• Electrical Conductivity of Epoxy/CNT Nanocomposites Mechanical and electrical properties of carbon nanotube reinforced epoxide resin composites, LIANG Shu-quan, et al/Trans. Nonferrous Met. Soc. China 17(2007) With increasing addition of carbon nanotubes, the resistivity of the composite decreases dramatically. This means the conductivity of the composite increase greatly. According to the percolation theory, when the content of carbon nanotubes is low, the carbon nanotubes distribute randomly in the matrix, and do not form a conductive network. With increasing content of carbon nanotubes, they begin to connect and interact with each other to form a network. The above percolation threshold values, the continuous conductive channel is developed in the frame of the network, the resistivity will decrease greatly. The matrix will change from insulator to semiconductor. The percolation threshold values for electrical characteristic transformation are 0.3% and 1.1%, respectively.
    • Effects of Silane Functionalization on the Properties of CNT/Epoxy Nanocomposites, Peng Cheng MA at Al, Adv. Funct. Mater, 2008 The electrical conductivity of nanocomposites containing silane-CNT decreased due to the wrapping of non-conductive silane onto CNT surface and well-dispersed CNTs. Electrical Conductivity of Epoxy/CNT Nanocomposites
    • Improvement in electrical, thermal and mechanical properties of epoxy by filling carbon nanotube, Zhou et al. – eXPRESS Polymer Letters Vol.2, No.1 (2008) 40–48 Generally, the percolation threshold is considered to be lower for fiber-shaped fillers (high aspect ratio) than for spherical particles. The percolation threshold has been determined to be below 0.1 wt%. However, once CNT loading is higher that 0.2%, resistivity decreased with CNT content slowly. Electrical Conductivity of Epoxy/CNT Nanocomposites
    • Improvement in electrical, thermal and mechanical properties of epoxy by filling carbon nanotube, Zhou et al. – eXPRESS Polymer Letters Vol.2, No.1 (2008) 40–48 I mpedance of the sample decreases significantly with frequency at frequencies higher than 100 kHz, indicating that at high frequency the impedance of the sample is dominated by the capacitance of the epoxy matrix. Therefore, it is possible to determine the connectivity between the CNT and polymer matrix by using the complex resistivity of the sample at different frequencies over a broad frequency range. Electrical Conductivity of Epoxy/CNT Nanocomposites Effect of frequency on resistivity of nanophased epoxy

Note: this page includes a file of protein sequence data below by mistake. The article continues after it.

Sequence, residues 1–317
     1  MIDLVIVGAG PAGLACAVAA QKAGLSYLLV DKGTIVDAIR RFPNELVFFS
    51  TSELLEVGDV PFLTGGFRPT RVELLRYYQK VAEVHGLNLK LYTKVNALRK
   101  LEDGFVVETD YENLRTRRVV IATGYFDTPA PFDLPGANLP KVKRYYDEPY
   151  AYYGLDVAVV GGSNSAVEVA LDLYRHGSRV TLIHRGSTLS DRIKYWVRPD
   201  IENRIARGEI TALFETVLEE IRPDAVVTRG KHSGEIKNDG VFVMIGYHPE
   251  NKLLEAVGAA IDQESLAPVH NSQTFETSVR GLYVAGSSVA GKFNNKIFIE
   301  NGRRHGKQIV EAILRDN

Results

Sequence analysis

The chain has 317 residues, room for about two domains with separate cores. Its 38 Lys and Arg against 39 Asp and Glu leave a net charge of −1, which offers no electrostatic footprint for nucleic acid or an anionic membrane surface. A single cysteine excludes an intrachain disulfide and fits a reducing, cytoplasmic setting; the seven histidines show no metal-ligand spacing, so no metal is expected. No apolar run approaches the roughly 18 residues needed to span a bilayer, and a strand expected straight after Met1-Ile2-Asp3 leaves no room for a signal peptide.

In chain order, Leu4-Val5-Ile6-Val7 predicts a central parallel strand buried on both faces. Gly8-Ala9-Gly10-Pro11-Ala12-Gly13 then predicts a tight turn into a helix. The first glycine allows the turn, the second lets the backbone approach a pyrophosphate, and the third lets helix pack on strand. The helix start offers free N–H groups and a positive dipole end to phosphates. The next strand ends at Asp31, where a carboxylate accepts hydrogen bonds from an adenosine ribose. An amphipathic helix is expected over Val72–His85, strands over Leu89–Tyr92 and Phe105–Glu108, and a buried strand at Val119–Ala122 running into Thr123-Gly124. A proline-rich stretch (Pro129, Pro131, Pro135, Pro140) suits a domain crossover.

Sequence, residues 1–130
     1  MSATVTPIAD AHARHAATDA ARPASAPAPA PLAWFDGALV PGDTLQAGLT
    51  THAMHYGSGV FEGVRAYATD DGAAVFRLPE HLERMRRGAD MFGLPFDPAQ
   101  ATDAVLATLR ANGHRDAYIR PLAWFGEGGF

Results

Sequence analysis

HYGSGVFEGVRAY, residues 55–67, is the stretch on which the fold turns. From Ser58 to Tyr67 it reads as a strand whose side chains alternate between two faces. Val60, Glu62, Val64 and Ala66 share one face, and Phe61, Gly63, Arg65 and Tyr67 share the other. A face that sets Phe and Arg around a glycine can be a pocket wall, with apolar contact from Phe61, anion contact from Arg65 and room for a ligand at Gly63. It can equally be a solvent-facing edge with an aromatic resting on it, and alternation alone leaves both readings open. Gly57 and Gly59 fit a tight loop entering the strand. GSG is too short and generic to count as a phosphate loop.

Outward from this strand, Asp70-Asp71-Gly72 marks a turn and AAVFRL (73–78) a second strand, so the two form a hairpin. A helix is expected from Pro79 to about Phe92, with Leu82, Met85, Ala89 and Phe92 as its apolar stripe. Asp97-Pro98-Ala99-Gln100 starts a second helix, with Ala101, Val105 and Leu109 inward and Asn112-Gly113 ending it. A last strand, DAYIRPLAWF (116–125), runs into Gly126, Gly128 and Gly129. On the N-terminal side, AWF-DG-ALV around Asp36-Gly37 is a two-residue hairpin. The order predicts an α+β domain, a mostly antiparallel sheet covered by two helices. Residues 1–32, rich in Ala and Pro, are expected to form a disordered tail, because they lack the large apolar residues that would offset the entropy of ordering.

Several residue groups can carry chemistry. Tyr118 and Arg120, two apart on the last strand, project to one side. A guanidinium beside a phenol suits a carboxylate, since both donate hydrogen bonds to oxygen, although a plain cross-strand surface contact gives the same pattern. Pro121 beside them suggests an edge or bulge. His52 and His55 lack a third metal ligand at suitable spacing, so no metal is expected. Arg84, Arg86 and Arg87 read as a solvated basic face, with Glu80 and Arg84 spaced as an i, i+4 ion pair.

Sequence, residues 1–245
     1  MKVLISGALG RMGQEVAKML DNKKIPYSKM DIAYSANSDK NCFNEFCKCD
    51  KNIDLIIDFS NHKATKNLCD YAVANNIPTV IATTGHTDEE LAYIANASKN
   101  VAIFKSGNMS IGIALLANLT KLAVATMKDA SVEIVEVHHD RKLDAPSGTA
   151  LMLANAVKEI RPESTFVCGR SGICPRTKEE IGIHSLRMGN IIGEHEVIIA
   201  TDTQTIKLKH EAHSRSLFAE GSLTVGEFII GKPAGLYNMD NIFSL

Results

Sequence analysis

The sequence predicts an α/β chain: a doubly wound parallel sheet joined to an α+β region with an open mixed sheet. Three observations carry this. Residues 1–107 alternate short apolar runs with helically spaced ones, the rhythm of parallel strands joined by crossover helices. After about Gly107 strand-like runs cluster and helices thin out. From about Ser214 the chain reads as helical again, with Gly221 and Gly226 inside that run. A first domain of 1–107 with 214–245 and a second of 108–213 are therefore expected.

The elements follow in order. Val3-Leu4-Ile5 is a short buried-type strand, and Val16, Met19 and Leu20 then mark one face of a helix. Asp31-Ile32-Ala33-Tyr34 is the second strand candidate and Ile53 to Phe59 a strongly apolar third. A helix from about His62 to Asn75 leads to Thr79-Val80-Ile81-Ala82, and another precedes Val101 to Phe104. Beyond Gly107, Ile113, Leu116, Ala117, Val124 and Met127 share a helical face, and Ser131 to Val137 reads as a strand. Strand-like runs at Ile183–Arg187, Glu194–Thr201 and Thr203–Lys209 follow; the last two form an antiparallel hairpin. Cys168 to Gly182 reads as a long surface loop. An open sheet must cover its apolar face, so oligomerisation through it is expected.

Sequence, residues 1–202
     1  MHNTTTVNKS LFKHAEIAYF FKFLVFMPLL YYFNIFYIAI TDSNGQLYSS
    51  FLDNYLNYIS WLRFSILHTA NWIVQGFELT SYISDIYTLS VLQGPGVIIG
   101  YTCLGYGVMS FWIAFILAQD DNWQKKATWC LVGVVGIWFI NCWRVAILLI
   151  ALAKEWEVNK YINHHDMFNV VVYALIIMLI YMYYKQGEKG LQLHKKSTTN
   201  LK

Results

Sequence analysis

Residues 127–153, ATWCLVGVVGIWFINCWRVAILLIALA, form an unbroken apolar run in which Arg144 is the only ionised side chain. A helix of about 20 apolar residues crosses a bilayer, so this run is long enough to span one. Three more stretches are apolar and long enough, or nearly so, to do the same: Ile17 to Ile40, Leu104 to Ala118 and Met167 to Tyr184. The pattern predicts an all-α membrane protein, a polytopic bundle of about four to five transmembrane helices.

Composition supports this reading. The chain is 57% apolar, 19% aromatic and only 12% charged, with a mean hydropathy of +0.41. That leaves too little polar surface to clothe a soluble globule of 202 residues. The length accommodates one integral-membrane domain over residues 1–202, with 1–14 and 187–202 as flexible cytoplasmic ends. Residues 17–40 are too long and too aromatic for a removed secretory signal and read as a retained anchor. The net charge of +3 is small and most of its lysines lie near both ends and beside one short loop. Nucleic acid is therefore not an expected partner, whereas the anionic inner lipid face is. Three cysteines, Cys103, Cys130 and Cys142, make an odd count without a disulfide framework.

• References
      • The effect of interfacial chemistry on molecular mobility and morphology of multiwalled carbon nanotubes epoxy nanocomposite, M. Abdalla et al./Polymer 48, 2007
      • Dispersion and functionalization of carbon nanotubes for polymer-based nanocomposites, P.-C. Ma et al. / Composites: Part A 41 (2010) 1345–1367
      • Carbon nanotube/epoxy resin composites using a block copolymer as a dispersing agent, Q. Li et al. phys. stat. sol. (a) 201, No. 13, R89– R91 (2004)
      • Effects of Silane Functionalization on the Properties of CNT/Epoxy Nanocomposites, Peng Cheng MA et al./ Adv. Funct. Mater, 2008
      • Direction sensitive deformation measurement with epoxy/CNT nanocomposites, S.T. Buschhorn et al./ 2008 Nanotechnology 19, 475-503
      • Large dielectric constant of the chemically functionalized carbon nanotube/polymer composites, Q. Li et al. / Composites Science and Technology 68 (2008) 2290–2296
      • Mechanical and electrical properties of carbon nanotube reinforced epoxide resin composites, LIANG Shu-quan, et al/Trans. Nonferrous Met. Soc. China 17(2007)
      • Improvement in electrical, thermal and mechanical properties of epoxy by filling carbon nanotube, Zhou et al. – eXPRESS Polymer Letters Vol.2, No.1 (2008) 40–48